Chavez Targets “Big Milk”

After threat to cut off oil, Chavez says Venezuela may expropriate milk plants

CARACAS, Venezuela: President Hugo Chavez warned that some milk plants may be expropriated to ease shortages, singling out Italy’s Parmalat SpA and Switzerland’s Nestle SA.

Chavez mentioned the two companies during his weekly program Sunday, saying international companies sometimes “pressure” Venezuelan farmers to obtain their milk for export.

“It’s no use for us to be setting up plants (if) then there is no milk for the plants because Parmalat or … Nestle take it all away,” Chavez said. “That’s where I say this government has to tighten the screws.”

If companies ensure a supply through “blackmail, offering money up front” while leaving state-run plants without enough milk, “that’s called sabotage,” Chavez said. He added that in such cases, “the plants must be taken over and expropriated.”

This is long overdue, given the atrocities committed by the milk industry in South America. The Swiss and Italians are clearly milking Venezuela. Call it a hunch, but something tells me that chicken, flour, and sugar plants will be next on the expropriations list:

There have been sporadic shortages of basic goods like milk, chicken, flour and sugar for months, and the problem has been considered a political liability for Chavez since he lost a vote last year on constitutional changes that would have let him run for re-election indefinitely.

Of course critics were quick to lie about the situation, as critics do:

Critics blame government price controls and a poor investment climate. The government says strong economic growth has boosted demand for meat and milk and other products.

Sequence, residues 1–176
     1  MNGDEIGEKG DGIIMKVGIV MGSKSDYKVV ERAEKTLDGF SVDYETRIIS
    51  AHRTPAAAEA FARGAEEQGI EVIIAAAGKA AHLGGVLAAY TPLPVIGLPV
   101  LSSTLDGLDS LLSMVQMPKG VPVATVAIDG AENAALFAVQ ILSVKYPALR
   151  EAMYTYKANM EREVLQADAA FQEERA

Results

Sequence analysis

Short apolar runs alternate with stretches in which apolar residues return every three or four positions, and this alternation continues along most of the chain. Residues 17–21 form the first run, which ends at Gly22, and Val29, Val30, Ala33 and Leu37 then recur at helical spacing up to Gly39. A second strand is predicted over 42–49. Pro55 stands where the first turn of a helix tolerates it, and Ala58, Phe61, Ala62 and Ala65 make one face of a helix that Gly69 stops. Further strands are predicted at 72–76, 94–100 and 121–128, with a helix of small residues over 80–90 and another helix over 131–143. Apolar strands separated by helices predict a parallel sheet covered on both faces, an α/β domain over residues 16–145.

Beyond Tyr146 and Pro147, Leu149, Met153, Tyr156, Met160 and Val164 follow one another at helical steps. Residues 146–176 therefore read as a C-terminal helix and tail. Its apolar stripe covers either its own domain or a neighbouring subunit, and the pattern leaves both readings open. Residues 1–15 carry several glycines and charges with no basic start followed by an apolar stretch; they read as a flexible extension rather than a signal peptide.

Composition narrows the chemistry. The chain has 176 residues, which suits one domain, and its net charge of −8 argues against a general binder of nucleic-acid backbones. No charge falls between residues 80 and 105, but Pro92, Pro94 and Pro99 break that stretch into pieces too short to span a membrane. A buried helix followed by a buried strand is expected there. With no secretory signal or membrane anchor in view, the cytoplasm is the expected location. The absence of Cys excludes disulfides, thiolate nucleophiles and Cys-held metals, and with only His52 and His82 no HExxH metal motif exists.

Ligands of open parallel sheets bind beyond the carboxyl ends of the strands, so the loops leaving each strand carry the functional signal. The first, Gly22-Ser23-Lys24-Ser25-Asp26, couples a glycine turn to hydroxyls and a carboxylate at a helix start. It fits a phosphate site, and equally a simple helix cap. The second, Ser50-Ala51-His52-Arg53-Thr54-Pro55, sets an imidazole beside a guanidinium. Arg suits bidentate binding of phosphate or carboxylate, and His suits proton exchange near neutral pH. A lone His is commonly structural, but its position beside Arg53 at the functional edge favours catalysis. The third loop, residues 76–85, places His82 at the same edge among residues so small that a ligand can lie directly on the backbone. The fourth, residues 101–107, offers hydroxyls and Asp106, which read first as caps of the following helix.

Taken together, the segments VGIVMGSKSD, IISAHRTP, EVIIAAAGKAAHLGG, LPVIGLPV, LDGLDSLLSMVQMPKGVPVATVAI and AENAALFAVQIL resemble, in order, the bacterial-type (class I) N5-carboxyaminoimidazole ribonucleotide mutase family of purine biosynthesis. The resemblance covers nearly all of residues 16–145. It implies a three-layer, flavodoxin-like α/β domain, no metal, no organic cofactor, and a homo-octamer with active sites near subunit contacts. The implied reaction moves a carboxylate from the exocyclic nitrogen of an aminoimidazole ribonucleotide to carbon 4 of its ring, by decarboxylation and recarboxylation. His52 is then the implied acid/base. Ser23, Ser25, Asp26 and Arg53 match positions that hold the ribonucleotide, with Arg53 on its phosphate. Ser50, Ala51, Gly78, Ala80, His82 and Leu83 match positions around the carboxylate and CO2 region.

The companies involved apparently get news of items like this from the media, and not through official channels:

Parmalat declined comment. Francois-Xavier Perroud, a spokesman for Nestle in Vevey, Switzerland, said he read news accounts quoting Chavez but that “the company in Venezuela has not received any official notification, any official statement that anything is being thought about or considered or being planned.”

And then as expected, it turns out that it is really the plotters behind this. Venezuela’s problems are always caused by someone else:

Chavez also accused opponents of plotting to ensure food shortages by hoarding supplies ahead of state and local elections in November. He did not elaborate but said, “We’re facing an economic conspiracy, and we’re obliged to act.”

Like I said, this move is long overdue. Let the government take over, and show Big Milk how an efficienct operation should be run. Lessons from the oil industry expropriation are that you can shirk maintenance and investments for a quick short-term gain. Longer term, Chavez can hope it will be someone else’s problem. But as far as actually increasing milk supplies as a result of taking over the industry, lessons from the oil industry should have citizens concerned about starving to death.